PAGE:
Maduro predictably kept almost all of Venezuela’s border crossings closed. Guaidó would have expected his deadline to be flouted. But he might have hoped that his overtures to the Armed Forces would be more successful. By the evening, he took to Twitter to “formally propose” that the international community “keep all options open to achieve the liberation of [Venezuela].” He had sought to invoke a humanitarian imaginary constructed in the aftermath of the Cold War, according to which foreign military interventions provide a fix for pathologies of governance and underdevelopment on the periphery. So too had the Trump administration, despite its quite obvious lack of humanitarian credentials. And yet, as the spectacle dissipated, talk of military intervention died down. On February 25, Vice President Mike Pence attended a Lima Group meeting in Bogotá. With his government unwilling to lead an intervention in Venezuela, he attempted to strong-arm the Brazilian and Colombian governments into doing so. But they refused. The Lima Group issued a collective statement opposing military intervention. Guaidó went on a tour of South American capitals.

The Venezuelan government threatened Guaidó with arrest once he returned to Caracas. The opposition lost the momentum it had gained after he had declared himself president. And his strategic competence was implicitly questioned by foreign allies whose rhetoric was partly responsible for his miscalculation. Meanwhile, a split in the Trump administration became apparent: John Bolton and Secretary of State Mike Pompeo seemed set on war at all costs; Trump himself, despite his sabre rattling, remained cautious about extravagant interventions.

As one of the major oil producing states in the Americas, Venezuela has long been of strategic concern to the United States. In 1990, Venezuela’s national oil company, PDVSA, assumed full ownership of the U.S. oil refiner Citgo, and thus control of up to 10 per cent of the U.S. domestic oil market. According to Maduro, it is the country’s vast oil reserves that have made Venezuela the target of a sustained “economic war” waged by the United States. In 2013, shortly before Maduro became president, the Venezuelan government’s credit rating was downgraded, limiting its access to international credit markets. The following year, Barack Obama signed legislation that would allow him to freeze the assets or revoke the visas of Venezuelans it deemed responsible for human rights abuses. He followed through in March of 2015, issuing an executive order sanctioning seven individuals and stating that the situation in Venezuela posed an “extraordinary threat to the national security” of the United States.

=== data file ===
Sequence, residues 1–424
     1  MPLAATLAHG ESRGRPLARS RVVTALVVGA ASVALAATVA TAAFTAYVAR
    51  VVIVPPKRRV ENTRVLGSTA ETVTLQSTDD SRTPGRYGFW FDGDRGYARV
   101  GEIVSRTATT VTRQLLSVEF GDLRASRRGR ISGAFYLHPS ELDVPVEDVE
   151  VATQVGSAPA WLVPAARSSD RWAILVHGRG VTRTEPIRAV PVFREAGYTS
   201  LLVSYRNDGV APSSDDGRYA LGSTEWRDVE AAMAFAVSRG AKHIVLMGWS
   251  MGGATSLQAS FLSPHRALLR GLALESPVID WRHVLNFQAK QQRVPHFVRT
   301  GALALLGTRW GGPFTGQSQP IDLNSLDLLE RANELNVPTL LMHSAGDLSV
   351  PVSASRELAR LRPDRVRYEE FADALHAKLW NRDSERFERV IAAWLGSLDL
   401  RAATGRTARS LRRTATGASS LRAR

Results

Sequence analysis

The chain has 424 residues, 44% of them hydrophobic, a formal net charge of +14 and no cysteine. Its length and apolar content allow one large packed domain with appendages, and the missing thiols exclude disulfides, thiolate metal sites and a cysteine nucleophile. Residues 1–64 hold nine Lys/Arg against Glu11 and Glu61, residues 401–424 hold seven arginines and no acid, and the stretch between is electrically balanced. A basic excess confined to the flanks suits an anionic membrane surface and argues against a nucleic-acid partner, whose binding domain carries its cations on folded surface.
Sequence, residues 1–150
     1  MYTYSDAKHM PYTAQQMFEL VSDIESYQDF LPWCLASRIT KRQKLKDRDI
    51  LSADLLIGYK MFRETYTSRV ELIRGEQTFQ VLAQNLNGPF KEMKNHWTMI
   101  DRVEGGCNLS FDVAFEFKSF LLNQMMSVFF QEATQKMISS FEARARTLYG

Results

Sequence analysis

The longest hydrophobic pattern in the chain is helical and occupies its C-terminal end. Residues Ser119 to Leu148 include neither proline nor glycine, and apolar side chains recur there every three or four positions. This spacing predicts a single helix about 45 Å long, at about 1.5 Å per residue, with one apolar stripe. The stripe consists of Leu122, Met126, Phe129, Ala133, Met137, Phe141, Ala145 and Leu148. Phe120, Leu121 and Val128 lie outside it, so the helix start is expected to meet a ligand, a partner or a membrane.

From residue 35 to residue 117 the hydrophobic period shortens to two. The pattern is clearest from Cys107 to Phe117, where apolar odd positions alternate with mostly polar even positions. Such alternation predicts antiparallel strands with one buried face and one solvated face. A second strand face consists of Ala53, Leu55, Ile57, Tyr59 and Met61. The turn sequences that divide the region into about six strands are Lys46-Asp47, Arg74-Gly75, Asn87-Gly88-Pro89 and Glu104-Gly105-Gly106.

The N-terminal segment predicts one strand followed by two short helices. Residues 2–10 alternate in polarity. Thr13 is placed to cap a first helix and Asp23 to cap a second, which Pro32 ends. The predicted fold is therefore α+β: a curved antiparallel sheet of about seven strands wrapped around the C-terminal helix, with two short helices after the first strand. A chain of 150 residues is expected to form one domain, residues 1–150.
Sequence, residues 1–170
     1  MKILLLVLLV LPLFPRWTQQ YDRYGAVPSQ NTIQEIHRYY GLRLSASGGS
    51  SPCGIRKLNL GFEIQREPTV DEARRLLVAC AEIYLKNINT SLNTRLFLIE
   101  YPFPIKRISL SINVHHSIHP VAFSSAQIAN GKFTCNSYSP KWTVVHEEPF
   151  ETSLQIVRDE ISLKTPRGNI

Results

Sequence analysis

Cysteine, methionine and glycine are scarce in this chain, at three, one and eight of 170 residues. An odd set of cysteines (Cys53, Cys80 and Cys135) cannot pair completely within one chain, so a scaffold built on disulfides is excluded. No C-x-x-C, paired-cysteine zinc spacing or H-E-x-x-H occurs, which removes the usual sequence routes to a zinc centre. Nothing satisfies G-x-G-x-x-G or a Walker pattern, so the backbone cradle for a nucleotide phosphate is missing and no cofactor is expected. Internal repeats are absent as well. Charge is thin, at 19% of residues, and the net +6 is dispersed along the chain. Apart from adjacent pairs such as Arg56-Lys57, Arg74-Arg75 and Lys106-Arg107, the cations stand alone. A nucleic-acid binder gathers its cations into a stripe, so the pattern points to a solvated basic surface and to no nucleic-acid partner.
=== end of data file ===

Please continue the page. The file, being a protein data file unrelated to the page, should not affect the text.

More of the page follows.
Donald Trump significantly expanded sanctions in 2017. Since then, the Venezuelan government has effectively been prevented from renegotiating much of its foreign debt, great swathes of its foreign assets have been frozen, foreign banks have become wary of taking its payment for the importation of basic goods, and foreign investments in its assets have been embargoed. Until 2019, U.S. oil imports from Venezuela remained reasonably steady, despite sanctions; but, following Guaidó’s self-proclamation as interim president, the U.S. government prohibited its citizens from making direct payments to PDVSA. In April of this year, liberal American economists Mark Weisbrot and Jeffrey Sachs published a report on the impact of U.S. sanctions on Venezuela. It claims that, between 2017 and 2018, sanctions inflicted more harm on Venezuelan citizens than on the Maduro government, contributing to more than forty thousand deaths.

A report on U.S. sanctions claims that between 2017 and 2018 sanctions inflicted more harm on Venezuelan citizens than on the Maduro government, contributing to more than forty thousand deaths.

From 2013 to 2017, Venezuela’s GDP fell approximately 35 percent—a greater contraction than the one experienced by the U.S. during the Great Depression. But the Venezuelan economy took a downward turn in 2011, prior to the U.S. blockade.

The nationalization program begun under Chavez was not followed up with sufficient public investment during years of considerable economic growth. Even PDVSA, the driving force of Venezuela’s oil-dependent economy, suffered from a lack of capital investment, and this contributed to a decline in oil production. Failure to diversify the economy’s productive base, combined with a significant expansion of public bureaucracies, meant that high and rising oil prices would have been required to sustain economic growth.

As it happened, the price of crude oil dropped significantly in the second half of 2014, thrusting the Venezuelan economy into free fall. The year before, Maduro had devalued the currency to sustain living standards, but this had contributed to hyperinflation. By 2015, recession and plummeting real wages began to reverse reductions in poverty brought about by Chavez’s social reforms. Today, as sanctions deepen the economic crisis, approximately 90 percent of Venezuelans are living below the poverty line. According to one 2018 survey, about 30 percent often eat only once a day. Thousands of children go back and forth across the border with Colombia every day for food and education.

In 1997, the late Venezuelan anthropologist Fernando Coronil published a study on his country’s petropolitics, entitled The Magical State. He argued that oil had transformed the Venezuelan state into a “magnanimous sorcerer,” conjuring “dazzling development projects that engender collective fantasies of progress.” In structuring the Venezuelan economy, oil dependence had ensured continuities between dictatorial and democratic regimes. Democratization itself was inseparable from the process through which Venezuelan elites secured access to the state and its oil wealth. For Coronil, the illusion of development had had a pernicious impact on Venezuela’s insertion into the global economy. While national oil money dissolved into global financial torrents, the narrow specialization of the Venezuelan economy as a primary exporter remained in the interests of foreign capital. What economists refer to as Dutch disease—when increased production of raw materials leads to a reduction in the competitiveness of other sectors—is in fact, Coronil contended, a “third-world or neo-colonial disease.”